The service sector is of huge significance for both the Japanese and Indian economies. Trade in services confers benefits not only to the services sector itself, but also to both the primary and secondary production sectors. Japan is a significant global player in services, often linked with overseas investment, yet the presence of Japanese services firms in the Indian market is much less than it is in other parts of Asia. On the other hand, India leads in IT, business processing and R&D investments. Indian professionals like consultants, engineers, etc, are expected to have easier and greater access to work in Japan as stipulated under CEPA. The Social Security Agreement signed by the two countries is likely to contribute further by accelerating bilateral activities of private sectors.

In case of overseas investment, India is regarded as the second favourite investment destination for Japanese companies after China. Japan is the fourth-largest investor in India with an investment of $14.85 billion in the last 13 years after Mauritius, Singapore and the UK. Most of the Japanese FDI in India is in the manufacturing sector such as automobiles, electronics, and a few other related segments.

India presents vast investment opportunities for Japanese companies in manufacturing sub-sectors such as automobiles, machinery, chemical industries, etc. This necessitates that we emphasise on cooperation in development of manufacturing of electronic hardware, telecommunication equipment, heavy industries, rail transit systems and cutting-edge technologies in India.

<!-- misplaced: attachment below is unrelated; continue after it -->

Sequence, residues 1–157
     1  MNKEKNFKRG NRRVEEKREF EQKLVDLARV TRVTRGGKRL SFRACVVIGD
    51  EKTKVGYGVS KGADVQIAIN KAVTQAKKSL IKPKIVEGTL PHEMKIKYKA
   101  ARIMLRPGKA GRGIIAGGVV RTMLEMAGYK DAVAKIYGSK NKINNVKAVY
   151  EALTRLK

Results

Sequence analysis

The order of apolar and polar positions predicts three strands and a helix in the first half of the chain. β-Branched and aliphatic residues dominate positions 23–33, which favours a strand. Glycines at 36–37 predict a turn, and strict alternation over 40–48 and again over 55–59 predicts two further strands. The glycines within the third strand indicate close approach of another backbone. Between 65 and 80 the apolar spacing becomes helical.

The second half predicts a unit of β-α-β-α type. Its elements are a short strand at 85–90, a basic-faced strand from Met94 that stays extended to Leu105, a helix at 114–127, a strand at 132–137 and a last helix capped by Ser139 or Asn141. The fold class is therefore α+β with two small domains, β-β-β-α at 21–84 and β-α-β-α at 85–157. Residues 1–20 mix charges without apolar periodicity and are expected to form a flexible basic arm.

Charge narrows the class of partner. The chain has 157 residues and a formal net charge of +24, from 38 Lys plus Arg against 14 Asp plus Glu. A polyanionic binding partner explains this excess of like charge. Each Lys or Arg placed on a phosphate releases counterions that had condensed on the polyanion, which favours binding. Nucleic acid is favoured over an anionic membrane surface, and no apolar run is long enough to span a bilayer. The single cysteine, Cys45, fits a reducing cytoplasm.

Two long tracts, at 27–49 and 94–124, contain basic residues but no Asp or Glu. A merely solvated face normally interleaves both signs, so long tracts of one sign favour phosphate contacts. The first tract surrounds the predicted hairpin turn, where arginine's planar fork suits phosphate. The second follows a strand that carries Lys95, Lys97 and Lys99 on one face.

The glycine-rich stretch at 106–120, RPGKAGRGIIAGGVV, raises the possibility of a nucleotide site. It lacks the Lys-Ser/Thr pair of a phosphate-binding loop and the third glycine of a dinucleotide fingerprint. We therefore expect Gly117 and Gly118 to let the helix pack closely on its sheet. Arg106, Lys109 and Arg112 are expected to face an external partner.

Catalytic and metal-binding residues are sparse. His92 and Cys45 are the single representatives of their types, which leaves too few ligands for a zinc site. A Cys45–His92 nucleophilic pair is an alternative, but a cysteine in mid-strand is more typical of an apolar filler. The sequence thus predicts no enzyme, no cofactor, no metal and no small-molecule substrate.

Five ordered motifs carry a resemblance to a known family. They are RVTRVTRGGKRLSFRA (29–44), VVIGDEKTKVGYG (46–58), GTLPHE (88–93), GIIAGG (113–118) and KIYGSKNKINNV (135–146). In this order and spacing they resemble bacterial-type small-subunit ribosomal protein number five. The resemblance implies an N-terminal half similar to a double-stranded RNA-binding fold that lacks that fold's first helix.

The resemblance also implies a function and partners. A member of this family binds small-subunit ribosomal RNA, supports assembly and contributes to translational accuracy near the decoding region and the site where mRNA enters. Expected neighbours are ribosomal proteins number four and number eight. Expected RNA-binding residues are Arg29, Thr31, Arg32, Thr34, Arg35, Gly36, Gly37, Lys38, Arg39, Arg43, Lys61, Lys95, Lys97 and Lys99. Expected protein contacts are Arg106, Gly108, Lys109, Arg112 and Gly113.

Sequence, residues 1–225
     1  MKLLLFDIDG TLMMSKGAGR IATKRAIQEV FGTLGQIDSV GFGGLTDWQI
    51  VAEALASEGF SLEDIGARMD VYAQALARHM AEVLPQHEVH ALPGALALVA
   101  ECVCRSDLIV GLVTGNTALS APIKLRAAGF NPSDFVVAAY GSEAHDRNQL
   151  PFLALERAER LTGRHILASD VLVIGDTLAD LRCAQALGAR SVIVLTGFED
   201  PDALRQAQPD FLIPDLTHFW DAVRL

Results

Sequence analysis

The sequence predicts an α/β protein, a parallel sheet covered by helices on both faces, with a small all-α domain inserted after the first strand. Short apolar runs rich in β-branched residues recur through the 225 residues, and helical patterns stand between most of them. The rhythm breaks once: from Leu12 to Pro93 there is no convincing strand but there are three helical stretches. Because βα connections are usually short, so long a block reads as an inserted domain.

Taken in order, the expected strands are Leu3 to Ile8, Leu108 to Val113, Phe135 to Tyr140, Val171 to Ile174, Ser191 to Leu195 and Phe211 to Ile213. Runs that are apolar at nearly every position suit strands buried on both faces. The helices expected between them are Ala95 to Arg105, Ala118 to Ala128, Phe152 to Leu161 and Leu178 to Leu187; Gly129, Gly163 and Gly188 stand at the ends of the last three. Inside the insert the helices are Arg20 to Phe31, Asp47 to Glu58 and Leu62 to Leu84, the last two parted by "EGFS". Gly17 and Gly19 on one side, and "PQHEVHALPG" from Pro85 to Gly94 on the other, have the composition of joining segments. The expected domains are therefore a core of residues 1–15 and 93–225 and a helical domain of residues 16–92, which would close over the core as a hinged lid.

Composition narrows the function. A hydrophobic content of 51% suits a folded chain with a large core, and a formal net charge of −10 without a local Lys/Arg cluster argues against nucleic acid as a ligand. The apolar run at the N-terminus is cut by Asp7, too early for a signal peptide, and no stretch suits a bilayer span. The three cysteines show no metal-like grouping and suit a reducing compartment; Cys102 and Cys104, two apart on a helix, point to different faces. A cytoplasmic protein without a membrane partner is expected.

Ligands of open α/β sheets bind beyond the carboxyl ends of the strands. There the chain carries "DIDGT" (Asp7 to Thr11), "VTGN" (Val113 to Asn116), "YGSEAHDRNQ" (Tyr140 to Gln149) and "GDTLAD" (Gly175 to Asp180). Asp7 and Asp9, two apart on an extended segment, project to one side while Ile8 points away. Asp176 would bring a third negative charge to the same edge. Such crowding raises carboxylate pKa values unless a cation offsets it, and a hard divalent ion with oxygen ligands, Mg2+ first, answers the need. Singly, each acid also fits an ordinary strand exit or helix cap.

Japan is one of the leading countries in technology transfer to India. Technology development and technology transfer are essential to make economic relationship stronger. Technological exchanges in sectors such as agriculture and environment management would greatly help Indian industrys growth.

Besides, Japan can partner India in its efforts to build a strong infrastructure sector, which envisages an investment of over $1 trillion in the next five years. This includes areas such as power, nuclear power, renewable energy, roads, railways, ports, airports, etc.

Furthermore, we need to enhance our efforts to promote skill up-gradation and skill development in both the public and private sectors in India through initiatives such as skill training and certification, bilateral exchanges and corporate internships.

It is also a welcome initiative from the Japanese government to continue its Official Development Assistance (ODA) to encourage Indias efforts towards social and economic development, including in the area of infrastructure and human resource development. Another area of interest in this regard are the Japanese loans for the Mumbai Metro Line-III project, Campus Development Project of Indian Institute of Technology, Hyderabad (Phase 2), and the Tamil Nadu Investment Promotion Programme.

It would be important to monitor the progress made in the implementation of the Western Dedicated Freight Corridor (DFC), Chennai-Bengaluru industrial corridor and the Delhi-Mumbai Industrial Corridor (DMIC), which are being executed with support from Japan. These projects will have large positive impact on the manufacturing industry in India.

The promotion of people-to-people exchange between the two countries, particularly youth exchanges and tourism, would help build trust and unlock a huge potential for cooperation. The two countries are cooperating with each other at multilateral fora such as the East Asia Summit (EAS). This is a forum for dialogue on broad strategic, political and economic issues of common interest and concern with the aim of promoting peace, stability and economic prosperity in East Asia.

The author is director general, CII